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'Young Adult' reminds us why high-school flames burn out

REVIEW

Paramount Pictures

Charllize Theron's Mavis Gary can't seem to leave high school behind her in "Young Adult."

The band Bowling for Soup has a great song: "High School Never Ends." And in some ways, that's true.  Everyone, it seems, remembers who they were in high school, and they remember who you were, too.

In "Young Adult," Charlize Theron plays Mavis Gary, who writes books about prep-school love and can't get her own high-school beau out of her mind, even two decades after graduation.

Mavis writes from her home, a messy cave in downtown Minneapolis. Her name doesn't even appear on her books, since she's just ghostwriting a successful teen series (think "Sweet Valley High," the movie version of which screenwriter Diablo Cody tackles next).

Mavis doesn't have the success she felt she deserved, so when she is forwarded a baby announcement sent by her happily married high-school boyfriend, Buddy (Patrick Wilson), she suddenly decides to go back to her lakeside hometown and win him back. Not win him, really. Seize him, like a high-school prom queen setting out to snatch the quarterback away from a plain Jane.

Here's where the film starts to suspend disbelief. Even for someone as overtly self-confident and delusional as Mavis, it seems a leap to assume he will leave his wife and newborn to reunite with an old flame.

Oscar-award winning actress Charlize Theron tells TODAY's Ann Curry that her first role in three years, as an author returning to her hometown in the film "Young Adult," proves that women are "complex and layered."

 

Everyone but Mavis gets that, including former classmate Matt (a wonderful Patton Oswalt). Matt and Mavis weren't friends in high school -- she won Best Hair, he was horribly beaten by classmates who thought he was gay, in a crippling crime that the film takes far too lightly. Matt tries to tell her to leave Buddy alone, but Mavis is a deranged force of nature at this point.  Events build up to an uncomfortable confrontation between Mavis and Buddy's wife ("Twilight" coven mom Elisabeth Reaser).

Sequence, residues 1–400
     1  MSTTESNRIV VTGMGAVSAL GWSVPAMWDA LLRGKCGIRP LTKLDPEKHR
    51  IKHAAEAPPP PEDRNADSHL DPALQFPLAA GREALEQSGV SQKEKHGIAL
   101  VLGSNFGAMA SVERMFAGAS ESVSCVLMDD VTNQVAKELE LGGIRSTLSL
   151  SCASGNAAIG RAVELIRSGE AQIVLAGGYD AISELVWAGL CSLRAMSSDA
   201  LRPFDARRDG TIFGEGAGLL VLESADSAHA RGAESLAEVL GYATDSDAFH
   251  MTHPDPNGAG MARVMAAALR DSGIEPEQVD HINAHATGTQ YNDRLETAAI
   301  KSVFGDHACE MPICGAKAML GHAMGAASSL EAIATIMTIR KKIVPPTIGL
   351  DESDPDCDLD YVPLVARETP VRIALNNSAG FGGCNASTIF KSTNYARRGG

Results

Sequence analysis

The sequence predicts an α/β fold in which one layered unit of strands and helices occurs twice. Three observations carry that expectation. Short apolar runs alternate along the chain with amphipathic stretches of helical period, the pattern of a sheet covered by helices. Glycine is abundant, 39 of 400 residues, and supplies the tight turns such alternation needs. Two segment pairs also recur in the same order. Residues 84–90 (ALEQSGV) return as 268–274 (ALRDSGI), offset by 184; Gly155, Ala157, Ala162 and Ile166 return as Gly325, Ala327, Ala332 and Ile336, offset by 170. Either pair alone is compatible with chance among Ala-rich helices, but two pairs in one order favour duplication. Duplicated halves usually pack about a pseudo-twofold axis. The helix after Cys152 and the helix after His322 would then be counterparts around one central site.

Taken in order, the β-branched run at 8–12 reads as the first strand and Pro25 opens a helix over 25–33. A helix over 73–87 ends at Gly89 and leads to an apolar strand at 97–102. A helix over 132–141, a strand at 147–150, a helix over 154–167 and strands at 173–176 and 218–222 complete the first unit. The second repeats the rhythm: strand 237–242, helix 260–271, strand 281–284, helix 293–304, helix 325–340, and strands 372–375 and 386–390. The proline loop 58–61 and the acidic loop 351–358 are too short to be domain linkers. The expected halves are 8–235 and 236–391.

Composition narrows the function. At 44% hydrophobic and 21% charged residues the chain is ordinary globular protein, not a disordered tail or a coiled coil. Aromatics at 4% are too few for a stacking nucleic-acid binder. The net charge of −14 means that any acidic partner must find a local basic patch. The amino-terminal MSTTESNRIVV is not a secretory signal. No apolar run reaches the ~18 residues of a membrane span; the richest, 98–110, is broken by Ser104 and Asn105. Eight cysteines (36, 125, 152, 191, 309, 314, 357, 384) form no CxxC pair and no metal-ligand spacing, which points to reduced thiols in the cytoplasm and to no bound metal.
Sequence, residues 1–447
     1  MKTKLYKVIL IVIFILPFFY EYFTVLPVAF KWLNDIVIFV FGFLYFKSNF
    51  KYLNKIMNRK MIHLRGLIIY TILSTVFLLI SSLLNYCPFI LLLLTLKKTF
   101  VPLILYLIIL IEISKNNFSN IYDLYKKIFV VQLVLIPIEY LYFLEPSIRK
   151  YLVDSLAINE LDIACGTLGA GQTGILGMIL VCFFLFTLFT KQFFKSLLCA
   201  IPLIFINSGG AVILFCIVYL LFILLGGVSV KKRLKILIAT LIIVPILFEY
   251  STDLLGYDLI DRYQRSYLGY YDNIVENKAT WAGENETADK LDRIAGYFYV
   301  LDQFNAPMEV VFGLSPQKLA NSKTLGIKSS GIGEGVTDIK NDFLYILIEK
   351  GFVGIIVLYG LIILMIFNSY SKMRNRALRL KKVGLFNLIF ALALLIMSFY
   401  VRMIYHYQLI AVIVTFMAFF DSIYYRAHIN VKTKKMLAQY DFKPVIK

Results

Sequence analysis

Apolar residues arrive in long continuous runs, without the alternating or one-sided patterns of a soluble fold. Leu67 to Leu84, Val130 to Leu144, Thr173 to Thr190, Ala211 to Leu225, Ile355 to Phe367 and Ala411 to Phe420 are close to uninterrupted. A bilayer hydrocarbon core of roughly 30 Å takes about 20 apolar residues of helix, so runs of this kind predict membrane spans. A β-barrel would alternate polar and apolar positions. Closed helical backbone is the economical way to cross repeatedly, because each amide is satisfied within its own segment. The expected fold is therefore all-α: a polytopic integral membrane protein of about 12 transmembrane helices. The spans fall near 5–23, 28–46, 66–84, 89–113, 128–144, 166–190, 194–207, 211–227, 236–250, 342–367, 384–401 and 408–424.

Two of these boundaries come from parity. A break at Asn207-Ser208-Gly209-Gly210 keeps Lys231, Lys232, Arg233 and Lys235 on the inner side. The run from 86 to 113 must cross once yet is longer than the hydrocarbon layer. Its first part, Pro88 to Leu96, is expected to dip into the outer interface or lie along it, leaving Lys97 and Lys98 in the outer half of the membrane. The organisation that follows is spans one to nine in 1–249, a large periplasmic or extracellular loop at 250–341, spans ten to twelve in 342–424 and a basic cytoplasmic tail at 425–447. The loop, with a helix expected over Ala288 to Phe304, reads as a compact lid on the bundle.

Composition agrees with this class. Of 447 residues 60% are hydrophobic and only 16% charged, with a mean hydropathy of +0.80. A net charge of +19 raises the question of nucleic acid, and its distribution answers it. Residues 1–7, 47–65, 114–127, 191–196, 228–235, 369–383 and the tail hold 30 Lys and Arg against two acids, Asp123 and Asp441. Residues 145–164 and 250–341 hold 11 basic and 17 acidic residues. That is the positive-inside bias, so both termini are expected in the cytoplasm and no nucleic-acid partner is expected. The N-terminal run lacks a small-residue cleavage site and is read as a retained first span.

Buddy's a nice guy and all, but it's Mavis and Matt's odd friendship that makes for a highlight of the film. He's kind and blunt ("I'm a fat geek, I know what a zombie is," he tells her at one point) and she's scary, with a hint underneath of the magnetism that she must have shown in school.

Cody gets the pop-culture details exactly right, as always -- Bluefly.com shopping web pages are hidden behind Mavis' book-in-progress, she swigs Diet Coke from a two-liter bottle, Teenage Fanclub's "The Concept" plays on her teenage mix tape, "Keeping Up With the Kardashians" is always on TV.

Theron isn't afraid to make Mavis unlikable but somehow seems to keep her from being intolerable. You want to see what she'll do next, even during the excruciating party confrontation. The audience knows that you can't go home again, but watching Mavis try is fascinating. 

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